Definitions and Glossary of Quantum Computing Terms
Extract from Deloitte Insights: Technology, Media, and Telecommunications Predictions 2019 and reproduced with the permission of Duncan Stewart, Director of Research and Erica Pretorius, Partner, Risk Advisory, Deloitte Canada.
Classical computer: The traditional form of binary digital electronic computing device, almost always running on silicon semiconductor transistor and integrated-circuit hardware.
Quantum computer (QC): A computer that uses quantum-mechanical phenomena, such as superposition and entanglement, to perform its calculations. Various (more than 10) contending physical implementations are being tried, many of which require ultra-low temperatures. It is not clear at this time which physical implementation will triumph. Quantum computers are not better than classical computers at everything; they can offer spectacular speedups for certain tasks, but do no better at others, or could even be worse.
Superposition and entanglement: This is the secret sauce of how quantum computers do what they do … but it is not necessary to understand these terms to understand quantum computing’s likely market size and timing of commercial availability. For those who wish to know more about superposition and entanglement, many online articles explain them.
Quantum supremacy or superiority: Both terms are used more or less interchangeably to denote the point at which a quantum computer will be able to perform a certain task that no classical computer can execute in a practical amount of time or using a practical amount of resources. It is critical to note that just because a QC has demonstrated supremacy for one problem does not mean that it is superior for all other—or even any other—problems. There are different degrees by which a QC can provide speeds greater than a classical computer (see the below entries on quadratic and exponential speedups).
Quantum advantage: Although quantum supremacy is an important theoretical milestone, it is possible that it will be for a computing problem that is of no or little practical importance. Therefore, many believe that quantum advantage will be the more important breakthrough: when a quantum computer can perform a certain useful task that no classical computer can solve in a practical amount of time or using a practical amount of resources
Quadratic speedup: There are certain computational problems, such as searching an unordered list[i], where a QC would outperform a classical computer by a quadratic amount: If it takes a classical computer N steps to run the process, the QC can do it in √N. (Grover’s algorithm is the most famous example of a technique that QCs could use to show a quadratic speedup.) For example, if a given calculation would take 365 days on a classical computer, it would take only 19.1 days on a QC. However, there are few real-world computing tasks done today that take a year, so it is more realistic to say that, if a computation takes eight hours on a classical machine, then it could be done in less than three hours on a QC. That may be a big enough speedup to justify using a quantum computer that costs millions of dollars and requires specialists to run and program it … or it might not. The business case for using a QC when the speedup is only quadratic is not always compelling.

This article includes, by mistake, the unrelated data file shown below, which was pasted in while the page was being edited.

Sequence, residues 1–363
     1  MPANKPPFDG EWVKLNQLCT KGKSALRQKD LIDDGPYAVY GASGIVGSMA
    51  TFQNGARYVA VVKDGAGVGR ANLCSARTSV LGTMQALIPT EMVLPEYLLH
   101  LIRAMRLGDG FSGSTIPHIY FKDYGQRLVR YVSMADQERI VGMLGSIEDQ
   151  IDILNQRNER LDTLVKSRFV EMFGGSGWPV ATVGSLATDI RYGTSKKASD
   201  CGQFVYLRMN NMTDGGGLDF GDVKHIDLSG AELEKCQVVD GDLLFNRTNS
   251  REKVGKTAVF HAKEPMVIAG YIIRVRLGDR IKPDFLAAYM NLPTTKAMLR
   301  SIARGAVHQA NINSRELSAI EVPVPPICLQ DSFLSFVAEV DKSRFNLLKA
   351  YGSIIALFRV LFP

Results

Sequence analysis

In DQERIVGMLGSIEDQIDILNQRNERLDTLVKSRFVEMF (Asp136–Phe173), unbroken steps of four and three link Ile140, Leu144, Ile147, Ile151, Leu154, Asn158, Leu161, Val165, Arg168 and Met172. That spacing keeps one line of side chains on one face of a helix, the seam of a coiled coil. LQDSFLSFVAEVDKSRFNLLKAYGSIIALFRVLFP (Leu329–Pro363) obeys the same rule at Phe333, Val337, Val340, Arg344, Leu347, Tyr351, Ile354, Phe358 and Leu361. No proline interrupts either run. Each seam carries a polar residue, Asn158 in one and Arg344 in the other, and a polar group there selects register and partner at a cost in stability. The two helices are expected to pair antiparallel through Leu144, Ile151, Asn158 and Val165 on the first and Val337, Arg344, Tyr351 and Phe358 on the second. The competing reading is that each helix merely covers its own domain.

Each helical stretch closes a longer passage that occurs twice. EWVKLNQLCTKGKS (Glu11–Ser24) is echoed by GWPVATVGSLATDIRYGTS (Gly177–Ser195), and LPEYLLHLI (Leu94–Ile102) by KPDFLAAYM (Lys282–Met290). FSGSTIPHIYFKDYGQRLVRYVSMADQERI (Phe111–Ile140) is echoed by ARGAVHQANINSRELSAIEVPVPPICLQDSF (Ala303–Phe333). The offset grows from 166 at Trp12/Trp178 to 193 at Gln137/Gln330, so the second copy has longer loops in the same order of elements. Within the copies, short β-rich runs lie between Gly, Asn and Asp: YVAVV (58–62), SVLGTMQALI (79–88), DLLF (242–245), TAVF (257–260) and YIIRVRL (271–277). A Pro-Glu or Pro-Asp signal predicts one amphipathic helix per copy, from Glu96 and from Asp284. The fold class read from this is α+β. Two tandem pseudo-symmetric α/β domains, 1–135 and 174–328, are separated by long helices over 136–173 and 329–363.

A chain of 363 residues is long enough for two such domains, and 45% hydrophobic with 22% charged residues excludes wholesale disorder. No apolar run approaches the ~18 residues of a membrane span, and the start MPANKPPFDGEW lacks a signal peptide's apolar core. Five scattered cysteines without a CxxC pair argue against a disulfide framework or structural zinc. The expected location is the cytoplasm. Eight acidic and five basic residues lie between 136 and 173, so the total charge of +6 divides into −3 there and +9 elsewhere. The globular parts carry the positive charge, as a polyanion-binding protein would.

Exponential speedup: The real case for QCs comes when they provide an exponential speedup, as is the case for certain problems such as breaking public key encryption or simulating chemical and biological systems. If a classical machine would take nine billion years to crack a public key by brute force, a quadratic speedup that reduces the calculation time to 3 billion years is not useful. But an exponential speedup that cracks the code in minutes, or even seconds, is potentially transformative. However, it is unclear just how often QCs will be able to offer exponential speedups. Only a small number of problems are known today where QCs would offer exponential speedups, but optimists note that more will become known over time.